An additional concern with the procedure is that it can involve the use of a hormone (equine chorionic gonadotropin, or eCG) to stimulate the ewe’s reproductive cycle. This hormone is produced from blood collected from pregnant horses farmed for this purpose. The condition and treatment of horses on these farms is a serious animal welfare concern [e.g., ] and the use of eCG should be urgently replaced with synthetic alternatives.
Embryo transfer is carried out as a means of producing a greater number of offspring from a favoured female than can be achieved through conventional breeding. The procedure involves the collection of embryos via laparoscopy from the uterus of a ewe with favoured genetic traits (the ‘donor’ ewe). Collected embryos are then deposited (‘transferred’) into the uterus of a recipient ewe, generally also via laparoscopy . Given that surgical methods for embryo transfer involve penetration of the abdominal cavity, the welfare risks are similar to surgical artificial insemination. Welfare risks apply for both the donor and recipient ewes. Non-surgical methods exist but are difficult to perform due to sheep’s anatomy .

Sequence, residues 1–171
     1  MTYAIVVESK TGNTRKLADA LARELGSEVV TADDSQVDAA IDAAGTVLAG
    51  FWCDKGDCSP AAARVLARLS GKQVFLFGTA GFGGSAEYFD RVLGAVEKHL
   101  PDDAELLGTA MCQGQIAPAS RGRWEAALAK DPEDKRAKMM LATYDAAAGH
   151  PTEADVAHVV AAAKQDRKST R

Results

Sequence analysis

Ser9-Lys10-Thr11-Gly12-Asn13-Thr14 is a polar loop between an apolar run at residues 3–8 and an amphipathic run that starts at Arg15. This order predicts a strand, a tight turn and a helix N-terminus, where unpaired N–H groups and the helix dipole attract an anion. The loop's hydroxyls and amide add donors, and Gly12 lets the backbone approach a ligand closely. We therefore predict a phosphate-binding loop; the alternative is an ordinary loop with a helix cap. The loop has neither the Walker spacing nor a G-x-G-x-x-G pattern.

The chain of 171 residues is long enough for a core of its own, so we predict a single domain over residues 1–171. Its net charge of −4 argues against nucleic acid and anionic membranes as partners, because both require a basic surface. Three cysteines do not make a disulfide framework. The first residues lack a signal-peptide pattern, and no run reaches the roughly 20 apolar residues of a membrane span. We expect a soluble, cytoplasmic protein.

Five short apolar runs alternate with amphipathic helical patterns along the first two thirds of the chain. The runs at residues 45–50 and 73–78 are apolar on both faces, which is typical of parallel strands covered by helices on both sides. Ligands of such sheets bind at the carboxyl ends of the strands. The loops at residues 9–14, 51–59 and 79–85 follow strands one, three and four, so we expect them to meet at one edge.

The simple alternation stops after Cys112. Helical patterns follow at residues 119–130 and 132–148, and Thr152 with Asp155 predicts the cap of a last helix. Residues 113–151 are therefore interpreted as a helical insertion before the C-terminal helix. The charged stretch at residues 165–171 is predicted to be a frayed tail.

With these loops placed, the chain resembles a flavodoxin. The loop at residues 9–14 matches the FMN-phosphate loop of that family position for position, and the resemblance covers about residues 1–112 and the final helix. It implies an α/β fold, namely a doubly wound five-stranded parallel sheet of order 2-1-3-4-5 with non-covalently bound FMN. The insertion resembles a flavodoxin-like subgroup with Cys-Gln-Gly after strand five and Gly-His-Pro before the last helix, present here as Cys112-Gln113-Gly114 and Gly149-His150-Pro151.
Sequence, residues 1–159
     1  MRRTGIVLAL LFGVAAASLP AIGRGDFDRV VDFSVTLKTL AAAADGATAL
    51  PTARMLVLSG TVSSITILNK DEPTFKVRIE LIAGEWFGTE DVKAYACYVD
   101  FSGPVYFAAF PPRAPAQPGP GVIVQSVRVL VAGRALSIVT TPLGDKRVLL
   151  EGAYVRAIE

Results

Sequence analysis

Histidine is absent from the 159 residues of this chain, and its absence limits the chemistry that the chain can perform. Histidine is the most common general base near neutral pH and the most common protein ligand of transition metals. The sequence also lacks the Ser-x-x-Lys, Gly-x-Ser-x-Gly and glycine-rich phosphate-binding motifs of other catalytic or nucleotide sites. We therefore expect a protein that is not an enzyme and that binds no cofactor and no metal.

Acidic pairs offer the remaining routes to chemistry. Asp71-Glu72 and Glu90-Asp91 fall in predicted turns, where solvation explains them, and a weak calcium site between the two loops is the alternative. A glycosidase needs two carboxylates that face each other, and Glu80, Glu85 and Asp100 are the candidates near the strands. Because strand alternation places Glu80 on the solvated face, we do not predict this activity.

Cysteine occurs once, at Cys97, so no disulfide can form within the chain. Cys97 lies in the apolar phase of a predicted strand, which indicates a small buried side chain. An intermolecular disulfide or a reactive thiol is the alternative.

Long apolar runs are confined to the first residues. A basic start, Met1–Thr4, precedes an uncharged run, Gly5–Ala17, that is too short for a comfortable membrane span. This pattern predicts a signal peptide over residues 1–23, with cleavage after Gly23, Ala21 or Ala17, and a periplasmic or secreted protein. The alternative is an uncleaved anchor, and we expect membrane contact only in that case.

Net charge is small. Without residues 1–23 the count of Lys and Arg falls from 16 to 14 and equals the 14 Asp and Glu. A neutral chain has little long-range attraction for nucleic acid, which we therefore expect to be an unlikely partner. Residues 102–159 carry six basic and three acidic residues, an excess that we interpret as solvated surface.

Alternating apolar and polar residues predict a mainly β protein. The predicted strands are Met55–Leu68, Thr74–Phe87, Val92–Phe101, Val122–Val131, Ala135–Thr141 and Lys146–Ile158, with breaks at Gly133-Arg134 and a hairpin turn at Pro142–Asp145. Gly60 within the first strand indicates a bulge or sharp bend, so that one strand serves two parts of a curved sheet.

Competency and animal handling